Nina Grollman’s moniker, Softee isn’t just a sardonic nod to the thrifty, soft-serve giant, it’s an earnest – sometimes painfully so – descriptor of the Brooklyn based artist’s approach to love and music. The pandemic found Softee in and out of love with a pace that could demolish the emotionally unprepared, but the artist found solace in her emotions, and soothed herself in influences of R&B, funk, hip hop, and the pure melodrama of 80s pop, not to mention her guides: Robyn, Little Dragon, and Janet Jackson. The result, her first formally released album, Natural, is a giddily contradictory, genre-bending, mercurial album of subversive pop that takes us through her heartache and into a soaring love affair, an angst-pop roller coaster of emotions that Softee’s never afraid to ride.
While Softee has recently been festooned with praise, (their song “Crush,” featured on the 2022 Queer as Folk reboot, was described by Rolling Stone as “a swooning synth-pop gem that opens up at the bridge with a stream of strings that give the song a vintage disco feel, like glittery teardrops hitting the dance floor,”) things started off for her like any regular kid: sitting at home, trying to express herself in the ways she knew how.
The Moorhead, Minnesota born artist remembers Fargo-esque winters in which snowfall and freezing temperatures all but relegated her creative work to a computer screen in her makeshift bedroom studio. Hours were spent recording Katy Perry covers and uploading them to Youtube, writing songs, and unleashing the emotional rhythm that would eventually lead her to experiment with loop pedals across New York City DIY stages alongside Linda Diaz, Sir Babygirl, Blaketheman1000 and Francesca D’Uva. Needing more creative freedom than her own name could allow, she chose from a hand-scribbled list of a dozen potential pseudonyms, and Softee was born amidst the shimmering rays of a discoball’s glittery orb.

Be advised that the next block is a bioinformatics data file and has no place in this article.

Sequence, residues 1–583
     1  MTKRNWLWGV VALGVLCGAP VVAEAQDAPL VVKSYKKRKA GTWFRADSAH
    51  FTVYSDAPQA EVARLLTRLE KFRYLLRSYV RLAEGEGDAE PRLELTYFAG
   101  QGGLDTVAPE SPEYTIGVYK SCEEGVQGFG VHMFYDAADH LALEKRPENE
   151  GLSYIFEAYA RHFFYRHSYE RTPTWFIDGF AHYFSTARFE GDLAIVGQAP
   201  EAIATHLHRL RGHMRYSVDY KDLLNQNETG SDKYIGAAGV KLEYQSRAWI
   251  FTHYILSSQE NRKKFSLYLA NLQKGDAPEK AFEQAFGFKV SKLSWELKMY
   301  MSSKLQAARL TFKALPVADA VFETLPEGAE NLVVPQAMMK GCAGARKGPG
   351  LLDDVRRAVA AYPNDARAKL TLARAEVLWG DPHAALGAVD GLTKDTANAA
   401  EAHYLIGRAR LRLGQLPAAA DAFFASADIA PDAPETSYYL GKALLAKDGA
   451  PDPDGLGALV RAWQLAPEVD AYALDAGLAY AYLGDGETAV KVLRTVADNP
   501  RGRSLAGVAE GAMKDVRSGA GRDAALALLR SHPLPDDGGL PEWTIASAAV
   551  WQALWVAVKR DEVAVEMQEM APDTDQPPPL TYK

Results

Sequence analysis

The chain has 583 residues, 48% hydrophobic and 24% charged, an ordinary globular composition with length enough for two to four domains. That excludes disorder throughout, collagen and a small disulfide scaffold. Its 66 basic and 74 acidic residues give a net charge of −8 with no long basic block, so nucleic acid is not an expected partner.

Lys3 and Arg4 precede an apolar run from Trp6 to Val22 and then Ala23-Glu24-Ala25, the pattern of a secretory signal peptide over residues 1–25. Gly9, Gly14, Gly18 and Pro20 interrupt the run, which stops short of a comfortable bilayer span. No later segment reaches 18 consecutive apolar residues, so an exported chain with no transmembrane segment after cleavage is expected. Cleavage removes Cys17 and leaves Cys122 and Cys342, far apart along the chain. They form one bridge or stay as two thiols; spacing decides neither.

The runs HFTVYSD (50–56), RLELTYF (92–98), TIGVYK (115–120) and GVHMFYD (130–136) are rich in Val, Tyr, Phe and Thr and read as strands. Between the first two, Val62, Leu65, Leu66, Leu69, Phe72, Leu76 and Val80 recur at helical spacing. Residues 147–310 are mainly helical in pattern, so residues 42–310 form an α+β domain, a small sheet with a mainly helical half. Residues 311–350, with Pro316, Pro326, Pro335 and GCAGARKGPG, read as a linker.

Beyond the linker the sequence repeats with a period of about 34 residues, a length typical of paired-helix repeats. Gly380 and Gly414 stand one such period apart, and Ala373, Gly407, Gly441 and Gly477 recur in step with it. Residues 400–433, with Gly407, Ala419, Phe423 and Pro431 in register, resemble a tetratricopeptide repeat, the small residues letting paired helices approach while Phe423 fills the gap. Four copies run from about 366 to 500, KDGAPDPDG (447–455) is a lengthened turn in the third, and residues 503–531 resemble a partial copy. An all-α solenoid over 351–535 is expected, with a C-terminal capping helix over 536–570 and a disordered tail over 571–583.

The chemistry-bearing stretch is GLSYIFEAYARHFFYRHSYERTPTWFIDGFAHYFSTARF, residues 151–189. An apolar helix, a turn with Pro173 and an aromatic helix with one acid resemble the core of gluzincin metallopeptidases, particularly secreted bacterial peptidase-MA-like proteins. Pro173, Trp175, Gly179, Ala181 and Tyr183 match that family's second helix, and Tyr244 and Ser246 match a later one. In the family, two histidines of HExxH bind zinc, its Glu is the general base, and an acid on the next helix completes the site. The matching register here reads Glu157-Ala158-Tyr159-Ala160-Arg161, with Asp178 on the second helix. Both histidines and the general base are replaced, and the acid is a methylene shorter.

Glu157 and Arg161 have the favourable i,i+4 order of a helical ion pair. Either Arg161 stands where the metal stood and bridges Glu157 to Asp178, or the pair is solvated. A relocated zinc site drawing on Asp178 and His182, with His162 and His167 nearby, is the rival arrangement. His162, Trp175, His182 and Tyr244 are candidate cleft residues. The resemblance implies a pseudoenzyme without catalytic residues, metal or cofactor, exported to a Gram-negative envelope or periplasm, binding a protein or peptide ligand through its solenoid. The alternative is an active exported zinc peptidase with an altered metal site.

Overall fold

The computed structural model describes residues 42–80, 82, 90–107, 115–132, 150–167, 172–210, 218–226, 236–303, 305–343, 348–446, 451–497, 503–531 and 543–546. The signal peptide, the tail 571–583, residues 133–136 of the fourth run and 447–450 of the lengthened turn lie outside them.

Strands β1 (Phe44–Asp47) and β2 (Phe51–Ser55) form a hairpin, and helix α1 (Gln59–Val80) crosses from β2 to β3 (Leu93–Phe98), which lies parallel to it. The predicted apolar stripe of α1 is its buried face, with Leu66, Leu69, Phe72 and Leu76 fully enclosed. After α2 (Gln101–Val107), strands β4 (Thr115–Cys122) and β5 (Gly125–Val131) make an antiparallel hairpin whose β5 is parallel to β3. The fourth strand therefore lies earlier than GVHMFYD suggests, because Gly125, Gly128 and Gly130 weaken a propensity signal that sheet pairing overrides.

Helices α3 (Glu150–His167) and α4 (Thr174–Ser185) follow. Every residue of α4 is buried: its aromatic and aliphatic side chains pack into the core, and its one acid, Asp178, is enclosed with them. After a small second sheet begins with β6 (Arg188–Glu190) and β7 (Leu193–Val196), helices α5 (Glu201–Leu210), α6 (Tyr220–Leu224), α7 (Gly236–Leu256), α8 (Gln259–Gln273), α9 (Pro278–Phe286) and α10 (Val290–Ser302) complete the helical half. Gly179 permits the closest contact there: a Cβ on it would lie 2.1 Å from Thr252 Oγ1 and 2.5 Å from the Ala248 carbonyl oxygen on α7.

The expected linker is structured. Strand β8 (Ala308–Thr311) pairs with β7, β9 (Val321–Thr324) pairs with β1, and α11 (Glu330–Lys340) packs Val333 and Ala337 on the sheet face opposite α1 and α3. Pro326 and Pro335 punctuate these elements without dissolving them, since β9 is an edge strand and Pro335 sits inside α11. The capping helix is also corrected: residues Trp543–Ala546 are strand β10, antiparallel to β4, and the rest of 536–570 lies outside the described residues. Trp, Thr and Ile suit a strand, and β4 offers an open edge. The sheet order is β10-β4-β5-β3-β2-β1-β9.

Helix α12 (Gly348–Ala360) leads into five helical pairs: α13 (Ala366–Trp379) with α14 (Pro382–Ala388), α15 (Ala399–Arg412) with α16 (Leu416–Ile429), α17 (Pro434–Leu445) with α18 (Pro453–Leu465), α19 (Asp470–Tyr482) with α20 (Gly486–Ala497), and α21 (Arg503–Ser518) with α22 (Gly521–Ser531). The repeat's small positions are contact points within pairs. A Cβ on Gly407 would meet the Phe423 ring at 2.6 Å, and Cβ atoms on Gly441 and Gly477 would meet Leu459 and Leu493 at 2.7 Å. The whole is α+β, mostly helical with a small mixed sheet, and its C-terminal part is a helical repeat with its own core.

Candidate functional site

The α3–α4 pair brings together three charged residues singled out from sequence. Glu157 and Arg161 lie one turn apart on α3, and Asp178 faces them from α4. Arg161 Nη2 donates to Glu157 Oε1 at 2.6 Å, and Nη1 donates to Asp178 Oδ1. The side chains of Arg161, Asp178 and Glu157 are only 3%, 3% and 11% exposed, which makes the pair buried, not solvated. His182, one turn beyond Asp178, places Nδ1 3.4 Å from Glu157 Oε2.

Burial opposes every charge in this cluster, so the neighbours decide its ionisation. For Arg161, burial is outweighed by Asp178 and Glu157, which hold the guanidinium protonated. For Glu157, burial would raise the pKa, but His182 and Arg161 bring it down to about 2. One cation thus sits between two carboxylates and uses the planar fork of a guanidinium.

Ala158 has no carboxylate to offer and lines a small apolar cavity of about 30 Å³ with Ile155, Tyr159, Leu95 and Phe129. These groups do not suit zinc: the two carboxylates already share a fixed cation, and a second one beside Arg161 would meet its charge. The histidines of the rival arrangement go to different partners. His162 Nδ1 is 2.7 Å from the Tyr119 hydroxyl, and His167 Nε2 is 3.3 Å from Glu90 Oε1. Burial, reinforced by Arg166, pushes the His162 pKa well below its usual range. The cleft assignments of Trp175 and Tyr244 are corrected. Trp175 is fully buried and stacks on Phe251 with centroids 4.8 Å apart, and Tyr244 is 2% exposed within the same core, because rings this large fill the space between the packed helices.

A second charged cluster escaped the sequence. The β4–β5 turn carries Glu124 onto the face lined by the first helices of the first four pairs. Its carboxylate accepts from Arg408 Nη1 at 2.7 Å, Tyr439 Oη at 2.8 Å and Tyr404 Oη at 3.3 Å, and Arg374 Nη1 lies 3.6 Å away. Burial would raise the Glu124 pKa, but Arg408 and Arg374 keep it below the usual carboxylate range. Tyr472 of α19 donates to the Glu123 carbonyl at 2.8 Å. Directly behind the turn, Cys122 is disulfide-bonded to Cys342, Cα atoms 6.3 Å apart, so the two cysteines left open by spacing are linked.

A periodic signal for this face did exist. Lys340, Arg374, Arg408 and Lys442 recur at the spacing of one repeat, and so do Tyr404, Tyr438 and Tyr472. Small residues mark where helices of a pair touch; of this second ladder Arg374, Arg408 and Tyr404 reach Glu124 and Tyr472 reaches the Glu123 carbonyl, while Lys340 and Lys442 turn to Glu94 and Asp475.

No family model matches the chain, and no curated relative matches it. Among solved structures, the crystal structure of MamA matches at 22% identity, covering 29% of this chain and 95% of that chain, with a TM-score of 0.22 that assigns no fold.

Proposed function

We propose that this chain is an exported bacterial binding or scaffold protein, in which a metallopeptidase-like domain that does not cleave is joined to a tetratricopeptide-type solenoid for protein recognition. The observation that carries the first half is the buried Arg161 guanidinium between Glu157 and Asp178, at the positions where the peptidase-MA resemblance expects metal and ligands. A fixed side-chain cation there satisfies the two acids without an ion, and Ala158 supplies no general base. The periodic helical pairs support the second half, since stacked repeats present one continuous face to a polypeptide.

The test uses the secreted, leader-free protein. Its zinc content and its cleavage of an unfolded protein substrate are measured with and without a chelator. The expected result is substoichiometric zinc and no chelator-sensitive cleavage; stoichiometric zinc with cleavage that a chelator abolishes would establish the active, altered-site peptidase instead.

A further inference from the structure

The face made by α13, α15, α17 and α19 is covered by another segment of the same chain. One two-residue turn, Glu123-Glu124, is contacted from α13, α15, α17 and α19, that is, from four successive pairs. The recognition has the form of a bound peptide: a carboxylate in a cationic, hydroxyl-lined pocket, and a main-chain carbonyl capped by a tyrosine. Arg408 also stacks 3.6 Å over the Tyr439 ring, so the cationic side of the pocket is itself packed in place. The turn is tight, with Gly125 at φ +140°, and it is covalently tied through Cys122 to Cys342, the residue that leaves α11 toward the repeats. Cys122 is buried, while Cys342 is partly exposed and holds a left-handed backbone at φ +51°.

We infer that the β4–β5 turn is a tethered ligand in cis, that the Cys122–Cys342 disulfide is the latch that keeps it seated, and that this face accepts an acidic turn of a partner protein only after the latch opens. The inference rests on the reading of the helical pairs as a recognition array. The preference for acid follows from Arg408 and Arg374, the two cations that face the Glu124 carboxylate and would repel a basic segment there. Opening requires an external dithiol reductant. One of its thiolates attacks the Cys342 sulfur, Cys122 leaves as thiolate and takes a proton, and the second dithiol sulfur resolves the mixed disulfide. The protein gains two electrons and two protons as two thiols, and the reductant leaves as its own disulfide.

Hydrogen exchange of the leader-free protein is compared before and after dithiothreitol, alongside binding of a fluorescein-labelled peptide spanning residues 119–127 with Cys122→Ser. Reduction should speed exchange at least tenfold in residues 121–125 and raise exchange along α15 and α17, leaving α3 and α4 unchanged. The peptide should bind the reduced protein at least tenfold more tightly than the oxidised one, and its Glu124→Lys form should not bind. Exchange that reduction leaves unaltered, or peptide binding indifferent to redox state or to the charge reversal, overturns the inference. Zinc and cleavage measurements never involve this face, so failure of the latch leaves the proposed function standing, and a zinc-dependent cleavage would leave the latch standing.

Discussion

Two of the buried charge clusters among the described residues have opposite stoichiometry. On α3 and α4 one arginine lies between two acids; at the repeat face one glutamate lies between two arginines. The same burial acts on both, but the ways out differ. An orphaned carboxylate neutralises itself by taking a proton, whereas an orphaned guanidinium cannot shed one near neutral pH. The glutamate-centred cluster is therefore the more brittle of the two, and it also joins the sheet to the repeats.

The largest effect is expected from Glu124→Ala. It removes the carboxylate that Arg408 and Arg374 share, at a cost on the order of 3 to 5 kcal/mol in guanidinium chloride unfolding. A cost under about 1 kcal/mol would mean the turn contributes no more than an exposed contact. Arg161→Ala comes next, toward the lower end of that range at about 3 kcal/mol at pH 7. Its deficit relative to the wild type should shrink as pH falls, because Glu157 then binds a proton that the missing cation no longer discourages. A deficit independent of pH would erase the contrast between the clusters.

Beyond the DIY scene, Nina Grollman was working as a successful actress on Broadway, working alongside the likes of Denzel Washington, when she realized that her undeniable craving to express her own ideas, not the ideas of long-dead playwrights, was worth the risk of leaving her shiny new career. Her initial work as Softee include an EP entitled Slow Melt, and a self-released album entitled Keep On, whose title track and production spoke to Softee’s early-COVID-era frustrations and fears. Both projects were well received, with GOMAG succinctly capturing her essence, as encapsulated by her song Crush, “it’s queer escapism and thoughtful vulnerability in equal measure.” Similarly, the inaugural full-length project Keep On represents Softee’s endearing approach to music and life: “feeling the anxiety but sort of dancing wildly through it.”
For Softee, life’s lessons aren’t easily won, but she’s no stranger to the value of painful experiences and what they can teach you. “I learned that when I began inviting my grief to guide me instead of fearing it, it became much easier to navigate. The death and rebirth of love is natural, beautiful, heart-wrenching and celebratory.” And as her newest album testifies, Softee is just as soft as she needs to be.
AGENT: Rob McGee